New Penn State coach Tom Bradley says he is replacing Joe Paterno with "very mixed emotions."
The defensive co-ordinator is Penn State's first coach other than Paterno in almost half a century. He was appointed interim head coach after Penn State's board of trustees fired Paterno on Wednesday night in the wake of a child sex-abuse scandal involving former assistant Jerry Sandusky.
"We're obviously in a very unprecedented situation," a sombre Bradley said Thursday morning. "I have to find a way to restore the confidence … it's with very mixed emotions and heavy hearts that we go through this."
Bradley, nicknamed "Scrap" for his scrappy style on special teams while a player at Penn State and known for his animated machinations on the field, showed little emotion during the half-hour news conference except when talking about Paterno, major college football's winningest coach. Paterno had announced early Wednesday he would resign at the end of the season, his 46th leading Penn State, but the board fired him, anyway.
The 55-year-old Bradley said he found out he was the new coach while watching game film Wednesday night. He called Paterno about 11 p.m. local time, but declined to say what they discussed.
"I think that's personal in nature," Bradley said.
He made clear, though, that he has great respect for the Hall of Fame coach, whose 409 victories are the most by any coach in major college football.
"Coach Paterno has meant more to me than anybody except my father," Bradley said. "… Coach Paterno will go down in history as one of the greatest men. Most of you know him as a great football coach. I've had the privilege and honour to work for him, spend time with him. He's had such a dynamic impact on so many, so many — I'll say it again — so many people and players' lives.
"It's with great respect that I speak of him, and I'm proud to say that I've worked for him."
In the days since Sandusky, Paterno's onetime heir apparent, was charged with sexually assaulting eight boys over a 15-year period, the scandal has claimed Penn State's storied coach, its president, its athletic director and a vice-president, all of whom have been criticized heavily for failing to do more to bring the alleged abuse to prosecutors' attention.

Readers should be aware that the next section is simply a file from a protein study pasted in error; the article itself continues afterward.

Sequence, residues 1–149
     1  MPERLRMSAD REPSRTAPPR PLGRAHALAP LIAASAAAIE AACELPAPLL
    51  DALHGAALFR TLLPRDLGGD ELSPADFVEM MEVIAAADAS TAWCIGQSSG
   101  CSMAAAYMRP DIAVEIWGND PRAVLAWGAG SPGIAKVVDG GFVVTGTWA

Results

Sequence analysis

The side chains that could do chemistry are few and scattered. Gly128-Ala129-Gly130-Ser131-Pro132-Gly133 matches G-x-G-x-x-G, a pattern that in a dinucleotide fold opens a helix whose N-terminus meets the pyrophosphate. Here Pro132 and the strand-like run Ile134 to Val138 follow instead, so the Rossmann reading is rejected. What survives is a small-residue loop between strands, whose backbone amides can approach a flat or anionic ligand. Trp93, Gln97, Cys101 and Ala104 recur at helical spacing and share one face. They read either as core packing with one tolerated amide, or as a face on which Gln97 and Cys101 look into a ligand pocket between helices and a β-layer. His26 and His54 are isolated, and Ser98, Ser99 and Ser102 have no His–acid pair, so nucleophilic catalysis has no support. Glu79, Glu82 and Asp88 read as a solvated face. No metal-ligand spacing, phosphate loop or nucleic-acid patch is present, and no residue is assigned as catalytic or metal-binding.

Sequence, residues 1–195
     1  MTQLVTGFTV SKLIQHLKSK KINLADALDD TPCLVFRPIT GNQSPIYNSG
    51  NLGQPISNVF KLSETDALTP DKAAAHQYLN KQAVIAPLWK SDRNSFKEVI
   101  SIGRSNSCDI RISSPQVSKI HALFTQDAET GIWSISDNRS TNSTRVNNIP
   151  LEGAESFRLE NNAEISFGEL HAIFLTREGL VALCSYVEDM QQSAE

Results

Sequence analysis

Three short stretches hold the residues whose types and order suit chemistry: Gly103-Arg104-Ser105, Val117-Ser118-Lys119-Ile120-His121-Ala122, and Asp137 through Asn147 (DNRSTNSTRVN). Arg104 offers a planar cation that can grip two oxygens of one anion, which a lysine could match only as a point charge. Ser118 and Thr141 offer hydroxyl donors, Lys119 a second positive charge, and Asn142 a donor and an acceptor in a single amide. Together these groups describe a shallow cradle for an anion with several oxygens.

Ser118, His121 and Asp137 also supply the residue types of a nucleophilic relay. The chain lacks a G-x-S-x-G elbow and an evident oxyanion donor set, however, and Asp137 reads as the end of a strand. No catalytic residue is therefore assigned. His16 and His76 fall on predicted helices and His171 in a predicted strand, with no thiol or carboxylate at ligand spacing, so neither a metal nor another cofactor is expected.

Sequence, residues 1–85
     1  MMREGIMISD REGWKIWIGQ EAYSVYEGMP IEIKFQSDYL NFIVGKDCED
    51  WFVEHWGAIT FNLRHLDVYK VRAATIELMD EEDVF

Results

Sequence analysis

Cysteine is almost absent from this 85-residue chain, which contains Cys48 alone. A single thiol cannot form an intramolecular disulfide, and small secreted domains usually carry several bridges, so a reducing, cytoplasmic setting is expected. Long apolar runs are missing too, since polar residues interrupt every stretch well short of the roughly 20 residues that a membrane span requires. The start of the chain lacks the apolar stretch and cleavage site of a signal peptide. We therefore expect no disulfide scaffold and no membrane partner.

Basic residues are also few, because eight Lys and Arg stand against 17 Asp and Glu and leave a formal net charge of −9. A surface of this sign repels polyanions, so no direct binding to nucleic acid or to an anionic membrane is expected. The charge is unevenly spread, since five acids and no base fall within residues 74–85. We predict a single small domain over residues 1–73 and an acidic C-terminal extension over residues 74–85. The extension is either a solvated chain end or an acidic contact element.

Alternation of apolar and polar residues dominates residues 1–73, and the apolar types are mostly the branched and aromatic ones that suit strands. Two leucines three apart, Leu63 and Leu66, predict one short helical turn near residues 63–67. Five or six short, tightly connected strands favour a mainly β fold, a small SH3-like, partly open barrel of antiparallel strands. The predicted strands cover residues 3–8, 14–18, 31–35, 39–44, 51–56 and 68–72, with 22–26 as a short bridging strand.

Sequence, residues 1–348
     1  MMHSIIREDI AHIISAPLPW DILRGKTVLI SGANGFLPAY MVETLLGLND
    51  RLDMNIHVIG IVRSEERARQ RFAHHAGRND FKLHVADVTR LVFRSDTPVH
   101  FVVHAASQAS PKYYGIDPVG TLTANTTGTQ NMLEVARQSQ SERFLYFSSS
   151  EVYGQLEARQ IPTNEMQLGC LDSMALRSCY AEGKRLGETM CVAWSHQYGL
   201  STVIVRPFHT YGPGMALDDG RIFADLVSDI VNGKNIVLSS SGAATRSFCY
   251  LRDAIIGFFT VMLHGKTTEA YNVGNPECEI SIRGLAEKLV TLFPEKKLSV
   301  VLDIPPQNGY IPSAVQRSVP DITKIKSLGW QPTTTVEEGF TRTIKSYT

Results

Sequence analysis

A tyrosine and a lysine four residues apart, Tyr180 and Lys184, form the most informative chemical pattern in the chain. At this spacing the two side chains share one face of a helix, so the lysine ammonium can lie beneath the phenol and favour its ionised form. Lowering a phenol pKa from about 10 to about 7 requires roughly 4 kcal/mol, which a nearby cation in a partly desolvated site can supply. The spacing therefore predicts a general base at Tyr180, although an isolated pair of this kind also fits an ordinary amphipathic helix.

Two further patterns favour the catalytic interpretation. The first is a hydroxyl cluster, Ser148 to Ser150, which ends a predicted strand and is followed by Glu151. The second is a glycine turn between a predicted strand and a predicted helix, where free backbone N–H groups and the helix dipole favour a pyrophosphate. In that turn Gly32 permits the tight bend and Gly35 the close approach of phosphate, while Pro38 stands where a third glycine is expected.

"We all have a responsibility to take care of our children. All of us," Bradley said.
Sandusky has denied the charges against him through his lawyer.
The White House says President Obama's thoughts and prayers are with the victims of alleged child sex-abuse at Penn State University.
Presidential press secretary Jay Carney says the White House won't get into the details of the decision by the school to fire football coach Joe Paterno and force the resignation of the school's president.
Carney was asked at his daily briefing if he thought Paterno deserved to be fired.
Carney said that if the allegations involving a former assistant coach are true, then "what happened is outrageous."
Bradley replaced Sandusky
Bradley replaced Sandusky as defensive co-ordinator follog the 1999 season, and testified before the grand jury that indicted Sandusky and two other university officials. He declined several times to answer any questions about his involvement or testimony, finally saying he had been advised not to by lawyers.
Bradley's Penn State roots go back more than three decades. He went from special teams captain to graduate assistant in 1979, and has been in Happy Valley ever since. He took over as defensive co-ordinator after Sandusky resigned in 1999, and the Nittany Lions are third in the country in scoring defence (12.4 points per game) this year. They rank eighth in total defence (282.3 yards per game).
Bradley was Paterno's lead assistant on the field for the last 11 seasons, and considered the leading in-house candidate to replace his Hall of Fame boss.
"I am who I am, I'm not going to change," Bradley said. "I'm not going to pretend I'm somebody else."
Bradley grew up in Johnstown, a western Pennsylvania mining town, as the second oldest of seven kids (three boys and four girls). His father, Jim, played basketball for Pittsburgh but, like many Irish Catholics, the Bradleys' football allegiances were to Notre Dame.
The Penn State connection started with his older brother, Jim, who played defensive back for Paterno from 1973-74.
Tom played defensive back from '77-78, and his younger brother, Matt, was a linebacker from '79-81.
Bradley also encouraged students, some of whom scuffled with police Wednesday night, to act with class at Saturday's game. He also said his team, which had met earlier in the morning, would be ready to play.
Bradley acknowledged the magnitude of the job ahead of him, saying he had not slept. Asked when he might, Bradley flashed one of the few smiles of the morning.
"Do I look that bad?" he said.